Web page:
'Whisky Galore!' the wartime film and story of the people of Eriskay seizing upon the whisky cargo of a nearby shipwreck, has forged headlines and cultural associations of the drink, since it hit our screens almost 65 years ago. And the associations continue to this day. Last week, one lucky buyer paid £12,050 for two bottles of that now infamous cargo, though according to buyer's guide, they aren't fit for human consumption!
It's a shame, but why would anyone want to taste the drink, when they have a piece of history in a bottle? The same goes for that of the explorer Ernest Shackleton. When he set out for Antarctica in 1907, he ordered 300 bottles of the finest malt whisky for his companions. They never made it to the South Pole, but they did manage to leave several bottles that were discovered almost a century later, perfectly preserved in nature's freezer!
Both stories not only highlight the cultural value and appeal of whisky, but also the monetary value in these "exotic" assets. In both these instances, I would say these original bottles are very valuable and particularly for Shackleton, priceless.
So, if you are inspired about this "liquid gold", how are you able to get involved, start collecting and maybe make a bit of money from other types of whisky?
If you are interested in investing in whisky, then here are a few things to remember:
It may sound obvious, but you aren't going to make any money by going to the supermarket and picking up what you think to be valuable or tasty, even if the latter is true. The painful truth is if you can find it in your local supermarket, then it is not going to be worth too much to someone in ten, twenty or thirty years' time. There is little value without the lever of scarcity or rarity. High volume releases like the typical 10 or 12 year old malts are unlikely to appreciate.
2. Bottles not Barrels.
Whisky investing is not like the stock market, you can't just ring up your broker every hour to change your mind. Remember, whisky takes three years to sit in the cask before we can even call it whisky - and many people have had their fingers burnt investing in maturing casks. Our advice is to invest in known, bottled products.
If you're unwilling to wait long enough like the industry for it to enhance, develop and improve with age, then you're bound to be unsuccessful investor. We recommend a 3 to 5 year horizon as a minimum.
You don't need lots of money to get involved. There are bottles that can cost tens of thousands and they will naturally grab the headlines, but if you are shrewd, you can find rare bottles that may cost a little more than your average malt. Last year, The Macallan released 2,012 special edition bottles to commemorate the Queen's Jubilee. Limited edition releases from many distilleries are attractive so grab the opportunity when you can.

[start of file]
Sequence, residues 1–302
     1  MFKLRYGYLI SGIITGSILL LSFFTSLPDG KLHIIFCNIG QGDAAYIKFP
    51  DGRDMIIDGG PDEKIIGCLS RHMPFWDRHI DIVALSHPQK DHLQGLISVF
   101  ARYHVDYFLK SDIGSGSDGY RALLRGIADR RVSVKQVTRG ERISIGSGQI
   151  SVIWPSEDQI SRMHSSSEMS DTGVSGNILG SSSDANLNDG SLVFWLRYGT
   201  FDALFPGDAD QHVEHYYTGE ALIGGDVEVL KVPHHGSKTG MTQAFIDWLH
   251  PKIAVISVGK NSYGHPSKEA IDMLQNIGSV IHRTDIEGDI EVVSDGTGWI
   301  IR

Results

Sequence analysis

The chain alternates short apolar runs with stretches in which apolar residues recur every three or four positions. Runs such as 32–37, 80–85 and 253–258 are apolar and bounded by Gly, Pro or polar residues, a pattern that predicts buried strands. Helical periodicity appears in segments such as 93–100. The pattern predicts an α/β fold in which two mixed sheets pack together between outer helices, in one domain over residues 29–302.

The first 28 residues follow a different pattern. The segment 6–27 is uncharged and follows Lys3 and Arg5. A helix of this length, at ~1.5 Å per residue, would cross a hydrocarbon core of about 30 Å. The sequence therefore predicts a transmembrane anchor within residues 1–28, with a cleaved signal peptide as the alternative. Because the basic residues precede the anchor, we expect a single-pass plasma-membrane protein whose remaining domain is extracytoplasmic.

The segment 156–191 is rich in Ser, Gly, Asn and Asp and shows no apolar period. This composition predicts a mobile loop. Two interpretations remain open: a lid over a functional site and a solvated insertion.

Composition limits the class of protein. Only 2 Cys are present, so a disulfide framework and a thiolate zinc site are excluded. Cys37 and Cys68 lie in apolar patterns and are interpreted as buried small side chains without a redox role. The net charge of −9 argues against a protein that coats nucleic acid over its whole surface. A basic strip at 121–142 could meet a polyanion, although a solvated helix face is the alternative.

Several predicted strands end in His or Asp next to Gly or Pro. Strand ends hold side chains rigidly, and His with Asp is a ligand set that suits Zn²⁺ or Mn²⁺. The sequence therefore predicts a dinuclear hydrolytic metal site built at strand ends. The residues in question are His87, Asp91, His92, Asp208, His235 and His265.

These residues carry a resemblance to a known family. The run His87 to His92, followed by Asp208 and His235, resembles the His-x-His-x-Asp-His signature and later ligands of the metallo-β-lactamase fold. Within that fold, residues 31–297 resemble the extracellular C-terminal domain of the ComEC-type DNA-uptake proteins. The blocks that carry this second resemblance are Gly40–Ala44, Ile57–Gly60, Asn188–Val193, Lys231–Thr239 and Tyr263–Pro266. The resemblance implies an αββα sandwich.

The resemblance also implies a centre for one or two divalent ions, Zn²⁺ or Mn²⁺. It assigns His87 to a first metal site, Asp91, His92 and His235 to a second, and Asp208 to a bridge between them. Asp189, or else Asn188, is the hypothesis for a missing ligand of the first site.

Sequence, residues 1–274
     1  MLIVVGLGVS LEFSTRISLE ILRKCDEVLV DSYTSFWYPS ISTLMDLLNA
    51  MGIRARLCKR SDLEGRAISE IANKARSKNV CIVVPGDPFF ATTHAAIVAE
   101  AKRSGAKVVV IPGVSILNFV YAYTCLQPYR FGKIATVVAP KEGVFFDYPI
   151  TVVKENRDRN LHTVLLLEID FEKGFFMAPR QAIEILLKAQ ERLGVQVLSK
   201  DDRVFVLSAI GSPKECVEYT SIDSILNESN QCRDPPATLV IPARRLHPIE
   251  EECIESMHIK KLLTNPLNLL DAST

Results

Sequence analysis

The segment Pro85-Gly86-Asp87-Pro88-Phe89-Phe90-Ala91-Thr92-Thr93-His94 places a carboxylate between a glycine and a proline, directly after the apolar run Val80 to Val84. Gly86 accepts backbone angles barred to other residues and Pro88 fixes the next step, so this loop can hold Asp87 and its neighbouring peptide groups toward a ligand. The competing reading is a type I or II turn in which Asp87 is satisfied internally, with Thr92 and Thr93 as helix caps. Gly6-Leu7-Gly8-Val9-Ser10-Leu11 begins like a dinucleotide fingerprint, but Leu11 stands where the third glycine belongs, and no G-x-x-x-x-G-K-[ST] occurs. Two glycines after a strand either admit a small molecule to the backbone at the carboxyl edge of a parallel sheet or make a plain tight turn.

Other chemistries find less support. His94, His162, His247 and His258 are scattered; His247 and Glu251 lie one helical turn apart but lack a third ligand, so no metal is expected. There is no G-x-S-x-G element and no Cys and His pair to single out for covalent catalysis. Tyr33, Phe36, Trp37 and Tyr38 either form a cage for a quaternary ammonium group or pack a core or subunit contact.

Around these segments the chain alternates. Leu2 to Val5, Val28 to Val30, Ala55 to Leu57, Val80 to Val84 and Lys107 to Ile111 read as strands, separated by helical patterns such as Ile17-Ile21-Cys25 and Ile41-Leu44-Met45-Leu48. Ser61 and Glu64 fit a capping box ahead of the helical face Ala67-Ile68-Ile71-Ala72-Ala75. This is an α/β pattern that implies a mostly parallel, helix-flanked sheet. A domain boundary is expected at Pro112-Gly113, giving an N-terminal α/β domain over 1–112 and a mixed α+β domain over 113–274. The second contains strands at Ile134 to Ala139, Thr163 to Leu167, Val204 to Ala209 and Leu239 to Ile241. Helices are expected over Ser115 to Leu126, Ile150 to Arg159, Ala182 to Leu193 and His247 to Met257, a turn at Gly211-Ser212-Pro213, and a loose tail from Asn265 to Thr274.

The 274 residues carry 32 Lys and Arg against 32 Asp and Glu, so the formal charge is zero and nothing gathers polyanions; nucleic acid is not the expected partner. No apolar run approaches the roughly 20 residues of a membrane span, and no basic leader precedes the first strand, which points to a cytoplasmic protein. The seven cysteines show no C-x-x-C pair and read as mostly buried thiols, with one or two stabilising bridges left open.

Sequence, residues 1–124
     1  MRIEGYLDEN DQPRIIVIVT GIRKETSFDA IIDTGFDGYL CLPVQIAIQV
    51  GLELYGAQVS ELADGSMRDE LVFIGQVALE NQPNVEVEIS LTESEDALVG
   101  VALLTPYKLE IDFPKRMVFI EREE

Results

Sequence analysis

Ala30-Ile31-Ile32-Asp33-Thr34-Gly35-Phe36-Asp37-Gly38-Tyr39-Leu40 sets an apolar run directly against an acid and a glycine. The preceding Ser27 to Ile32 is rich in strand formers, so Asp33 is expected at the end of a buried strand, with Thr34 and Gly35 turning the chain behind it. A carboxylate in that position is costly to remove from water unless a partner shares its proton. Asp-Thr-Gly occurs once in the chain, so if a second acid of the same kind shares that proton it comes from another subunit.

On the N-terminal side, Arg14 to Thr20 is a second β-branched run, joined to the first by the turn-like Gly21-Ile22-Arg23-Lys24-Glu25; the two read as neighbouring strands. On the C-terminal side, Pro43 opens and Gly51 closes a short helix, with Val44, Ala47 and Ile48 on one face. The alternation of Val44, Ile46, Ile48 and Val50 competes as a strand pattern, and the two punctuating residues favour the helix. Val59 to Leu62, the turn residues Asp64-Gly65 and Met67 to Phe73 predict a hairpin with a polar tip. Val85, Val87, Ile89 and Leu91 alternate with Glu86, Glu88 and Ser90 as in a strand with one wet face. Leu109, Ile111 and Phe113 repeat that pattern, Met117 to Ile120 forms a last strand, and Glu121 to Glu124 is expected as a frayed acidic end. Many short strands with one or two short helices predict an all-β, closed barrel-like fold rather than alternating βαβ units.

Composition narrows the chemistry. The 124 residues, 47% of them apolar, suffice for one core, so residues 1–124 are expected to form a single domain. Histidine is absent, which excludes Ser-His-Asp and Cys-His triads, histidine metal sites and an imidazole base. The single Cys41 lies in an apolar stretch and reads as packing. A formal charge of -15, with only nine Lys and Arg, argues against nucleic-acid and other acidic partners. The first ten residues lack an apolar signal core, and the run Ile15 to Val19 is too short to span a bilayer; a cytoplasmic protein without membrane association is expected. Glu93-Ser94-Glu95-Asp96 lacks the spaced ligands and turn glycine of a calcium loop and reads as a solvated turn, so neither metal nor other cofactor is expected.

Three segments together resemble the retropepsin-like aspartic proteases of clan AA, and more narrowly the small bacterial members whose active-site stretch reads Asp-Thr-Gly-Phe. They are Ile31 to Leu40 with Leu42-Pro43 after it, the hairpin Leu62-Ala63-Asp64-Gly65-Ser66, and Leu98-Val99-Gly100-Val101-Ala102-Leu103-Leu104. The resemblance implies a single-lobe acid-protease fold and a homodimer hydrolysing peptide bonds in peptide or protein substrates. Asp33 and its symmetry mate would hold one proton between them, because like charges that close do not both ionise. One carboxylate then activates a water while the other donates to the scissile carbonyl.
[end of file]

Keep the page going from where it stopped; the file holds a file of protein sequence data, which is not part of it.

Like in all areas of life, some brands are valued more than others. The same is true of whisky. Do your research, pick the "iconic" brands and the "silent" stills and you give yourself a better chance of value appreciation. Interestingly, the "best" brands are often the ones whose whiskies are recognised to be the best quality. High quality = more chance of it being drunk = fewer bottles left = value growth! Not unlike the dynamics of fine wine! A great place to start your education is with Andy Simpson of Whisky Highland - have a Google to get going!
There are whisky snobs out there. Some, who like malts, would never buy a blend, though it would be false to assume their value is diminished. Whisky is truly a global drink, so remember what someone may not like in Stranraer, may go down a treat in Shanghai. Recent history confirms that malts dominate the collectors market but some are forecasting value opportunity in blends now...
This may be difficult, but if you intend to sell it on, then for goodness sake don't drink it! Alternatively, buy 2 of everything. Drink one. Keep one. The one you drink should be most enjoyable and now that it is taken out of circulation it will mean your second bottle is even rarer....
Like any alternative investment, it is wise to know your market before you consider parting with your money. As the market has demonstrated, some whiskies have increased in value by over 500% (Whisky Highland Data), whereas others have decreased, some by as much as 70% (Whisky Highland Data).
Yet, all the same, if something pops up, say a bottle to celebrate the birth of William and Kate's first child, then who knows, if he or she becomes our future monarch then that decision all those years ago may well have paid off.
As I have said before, as with all investments, all that glitters may not always turn out to be liquid gold. Follow some of my tips above and you may well be on your way to your own whisky galore.